Dyer About Tarkovsky About Desire
Zona: A Book About a Film About a Journey to a Room
(Pantheon Books, 2012)
Imagine a domain absent of cliché, gratuitous explosions, and Russell Brand, and enter Zona: A Book About a Film About a Journey to a Room. Zona is a meditation on Andrei Tarkovsky’s 1979 film Stalker, and similar to the Zone in Stalker, is a sanctuary untouched by genre and traditional narrative. Dyer links Tarkovsky’s vision to Flaubert’s, who in 1852 announced his desire to write “a book about nothing, dependent on nothing external, which would be held together by the external strength of its style.” He expounds on each scene of Stalker, sometimes briefly, sometimes at length, and with a refreshingly dry wit. Dyer examines Stalker’s psychic associations with the past and future, and its eerie similarities to passages and images of Postwar Europe, Chernobyl’s “Exclusion Zone,” and writings on the aftermath of 9/11.
For a price, Stalker himself brings clients into the Zone to fulfill their innermost wishes. On this trip are two characters known as Writer and Professor. Dyer recalls John Updike’s opinion that America was a vast conspiracy to make people happy, and in retrospect, that Soviet Russia was its antithesis. There may be no better vehicle for the expression of that bleakness than Stalker, with its characters sloshing about in a backdrop of eternal rain and meager accommodations. Stalker has taken many people to the Zone, but never used it for his own benefit. His redemption is in the responsibility given to him, to be a Stalker. Heavy Soviet bleakness, with subtitles, can require multiple viewings; at least it did for me. But Zona is a smooth ride, Dyer’s words saturated in a haze of literary dope near doubling as highbrow Cliffs Notes. As he takes us through each scene, Dyer wanders off, sometimes in pages of footnotes into pausing over life’s biggest contemplations, which compete with the character’s trajectory. Exploring Stalker seems something he hadn’t a choice in, he was so moved by it.
Just barely escaping a shower of bullets from the guards protecting it, Stalker, Writer, and Professor enter the Zone and everything turns to an Oz-like color, only so vibrant because the place they came from is its total opposite. Tarkovsky may not have intended the experience to resemble an LSD trip, but as Dyer illustrates the Zone’s surroundings as “taking on the internal rhythms of the body, breath and pulse” he wonders if the landscape of fields, abandoned cars, and trees would be as beautiful without Tarkovsky. A transference of sensation is passed from Tarkovsky through Dyer, and I wondered myself if the Zone would be this beautiful without Dyer’s interpretations.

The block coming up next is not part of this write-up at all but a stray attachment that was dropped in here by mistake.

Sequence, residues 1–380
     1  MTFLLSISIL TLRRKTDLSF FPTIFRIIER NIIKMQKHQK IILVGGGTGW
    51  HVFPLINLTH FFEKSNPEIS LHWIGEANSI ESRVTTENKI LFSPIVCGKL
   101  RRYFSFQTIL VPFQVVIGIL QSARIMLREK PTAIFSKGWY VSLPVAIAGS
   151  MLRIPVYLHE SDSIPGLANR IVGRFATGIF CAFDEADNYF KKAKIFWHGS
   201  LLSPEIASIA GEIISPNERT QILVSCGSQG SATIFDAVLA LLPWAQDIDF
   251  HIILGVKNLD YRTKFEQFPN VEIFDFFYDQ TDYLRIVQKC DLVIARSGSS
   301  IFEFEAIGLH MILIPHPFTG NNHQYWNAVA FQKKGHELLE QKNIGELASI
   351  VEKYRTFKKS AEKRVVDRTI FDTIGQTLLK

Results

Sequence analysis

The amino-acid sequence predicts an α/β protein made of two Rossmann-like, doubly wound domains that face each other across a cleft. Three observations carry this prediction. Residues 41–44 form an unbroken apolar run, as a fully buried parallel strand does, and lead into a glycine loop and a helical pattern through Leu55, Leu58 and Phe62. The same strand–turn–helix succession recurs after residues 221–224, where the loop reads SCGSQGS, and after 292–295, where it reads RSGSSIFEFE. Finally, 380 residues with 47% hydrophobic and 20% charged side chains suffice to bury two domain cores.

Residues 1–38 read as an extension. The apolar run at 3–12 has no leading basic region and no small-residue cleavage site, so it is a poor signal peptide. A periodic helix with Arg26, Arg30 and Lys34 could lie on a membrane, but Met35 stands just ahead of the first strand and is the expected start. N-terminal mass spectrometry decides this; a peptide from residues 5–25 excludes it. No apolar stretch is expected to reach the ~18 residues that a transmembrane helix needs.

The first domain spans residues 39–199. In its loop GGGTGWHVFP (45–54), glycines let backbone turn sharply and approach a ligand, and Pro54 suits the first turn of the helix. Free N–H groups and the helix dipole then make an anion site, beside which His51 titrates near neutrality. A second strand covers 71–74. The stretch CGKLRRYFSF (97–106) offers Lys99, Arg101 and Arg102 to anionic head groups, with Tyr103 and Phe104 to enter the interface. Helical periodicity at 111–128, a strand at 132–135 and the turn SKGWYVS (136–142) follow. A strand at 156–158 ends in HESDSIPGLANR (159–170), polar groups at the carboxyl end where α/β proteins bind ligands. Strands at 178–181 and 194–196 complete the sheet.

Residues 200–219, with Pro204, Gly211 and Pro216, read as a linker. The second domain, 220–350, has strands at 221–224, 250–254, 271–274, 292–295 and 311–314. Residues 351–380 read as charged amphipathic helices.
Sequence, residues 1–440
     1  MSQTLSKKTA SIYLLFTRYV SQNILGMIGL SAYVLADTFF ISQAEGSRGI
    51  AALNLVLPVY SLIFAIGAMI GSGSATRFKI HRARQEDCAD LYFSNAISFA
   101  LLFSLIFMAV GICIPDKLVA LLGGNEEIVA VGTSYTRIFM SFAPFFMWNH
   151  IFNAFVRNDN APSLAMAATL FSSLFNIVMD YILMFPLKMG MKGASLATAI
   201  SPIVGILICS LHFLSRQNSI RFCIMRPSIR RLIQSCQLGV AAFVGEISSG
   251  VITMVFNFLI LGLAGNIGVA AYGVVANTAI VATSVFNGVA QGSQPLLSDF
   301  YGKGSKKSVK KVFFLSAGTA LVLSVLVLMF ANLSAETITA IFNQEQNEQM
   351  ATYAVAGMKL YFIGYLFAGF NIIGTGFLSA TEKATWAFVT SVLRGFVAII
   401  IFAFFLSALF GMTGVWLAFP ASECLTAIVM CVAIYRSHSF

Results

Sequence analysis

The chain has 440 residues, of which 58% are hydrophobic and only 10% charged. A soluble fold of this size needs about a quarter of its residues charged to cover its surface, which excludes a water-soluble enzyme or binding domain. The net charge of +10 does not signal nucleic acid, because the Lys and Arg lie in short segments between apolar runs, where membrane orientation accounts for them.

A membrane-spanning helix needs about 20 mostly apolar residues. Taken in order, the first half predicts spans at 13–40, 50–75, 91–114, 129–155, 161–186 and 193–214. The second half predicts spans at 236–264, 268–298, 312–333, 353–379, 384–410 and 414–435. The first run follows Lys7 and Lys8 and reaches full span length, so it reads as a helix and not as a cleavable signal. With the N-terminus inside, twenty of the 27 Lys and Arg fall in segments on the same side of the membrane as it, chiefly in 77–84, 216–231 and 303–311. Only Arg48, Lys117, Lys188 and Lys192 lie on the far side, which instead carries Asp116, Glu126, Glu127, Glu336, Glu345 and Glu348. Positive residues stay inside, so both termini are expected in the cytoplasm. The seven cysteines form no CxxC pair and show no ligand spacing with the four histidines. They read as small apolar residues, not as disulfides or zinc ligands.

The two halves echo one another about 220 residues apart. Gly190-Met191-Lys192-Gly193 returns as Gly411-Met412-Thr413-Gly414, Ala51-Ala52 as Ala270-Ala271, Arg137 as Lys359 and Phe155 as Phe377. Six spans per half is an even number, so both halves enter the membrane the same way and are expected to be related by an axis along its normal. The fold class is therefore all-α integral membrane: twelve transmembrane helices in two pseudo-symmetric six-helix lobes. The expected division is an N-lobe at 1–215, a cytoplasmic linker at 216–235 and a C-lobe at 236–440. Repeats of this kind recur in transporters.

Following the 1986 Chernobyl disaster, the damaged reactor and debris were sealed into an 18-mile “Exclusion Zone.” Photos taken by Robert Polidori in 2001 of it could be stills from a location shoot from Stalker. Dyer questions whether Stalker shaped Polidori’s aesthetic. Beyond that, Dyer recalls Max Frisch and his writings on postwar Europe in 1946, “a forest might creep over our cities, slowly, inexorably thriving unaided by human hands, a silence of thistles and moss,” and describes the Chernobyl zone, which, since “unaided by human hands” has flourished with species not seen in centuries, like the lynx, wild boar, and the Eurasian brown bear. In 2007 the Chernobyl Exclusion Zone was established as a wildlife sanctuary.
Dyer manufactures his own Zone, is a Stalker himself, and most frustrated at the crumbling world around it, which he has certain rules about to sustain his sanity. Jeremy Clarkson, Jonathan Ross, and Russell Brand are not invited into Dyer’s home (perhaps they are the British equivalents to my unwelcomes, Ryan Seacrest and Tyra Banks). They dominate a zone, accompanied by crappy blockbusters and A.D.D.-inducing television, which Dyer labels “moron-time.” He warns that, like the environment, we are not immune to toxicity, whatever form it takes, nuclear or not. Perhaps he is warning us that the visual clichés that shape our culture may not destroy us point blank, but are instead a slow death, weakening our capacity to appreciate work that is stripped down and honest.
If Tarkovsky is difficult to digest for the masses, Zona hangs in limbo between this “moron-time” zone and the realm of great artists. Even in its most sober moments, like Stalker’s returning from his journey, nearly broken from exhaustion, Dyer compares him to Nosferatu, sleeping in his filthy, damp sweater. And in answering his own question, which was: “Is one’s deepest desire always the same as one’s greatest regret?” Dyer admits his own: never having sex with two women at once.